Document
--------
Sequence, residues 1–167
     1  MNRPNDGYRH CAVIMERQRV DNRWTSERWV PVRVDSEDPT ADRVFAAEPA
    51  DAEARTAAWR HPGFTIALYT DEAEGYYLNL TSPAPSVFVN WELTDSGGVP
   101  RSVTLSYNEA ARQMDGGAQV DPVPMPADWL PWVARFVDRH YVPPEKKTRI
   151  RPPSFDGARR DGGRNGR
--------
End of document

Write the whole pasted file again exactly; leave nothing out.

Sequence, residues 1–167
     1  MNRPNDGYRH CAVIMERQRV DNRWTSERWV PVRVDSEDPT ADRVFAAEPA
    51  DAEARTAAWR HPGFTIALYT DEAEGYYLNL TSPAPSVFVN WELTDSGGVP
   101  RSVTLSYNEA ARQMDGGAQV DPVPMPADWL PWVARFVDRH YVPPEKKTRI
   151  RPPSFDGARR DGGRNGR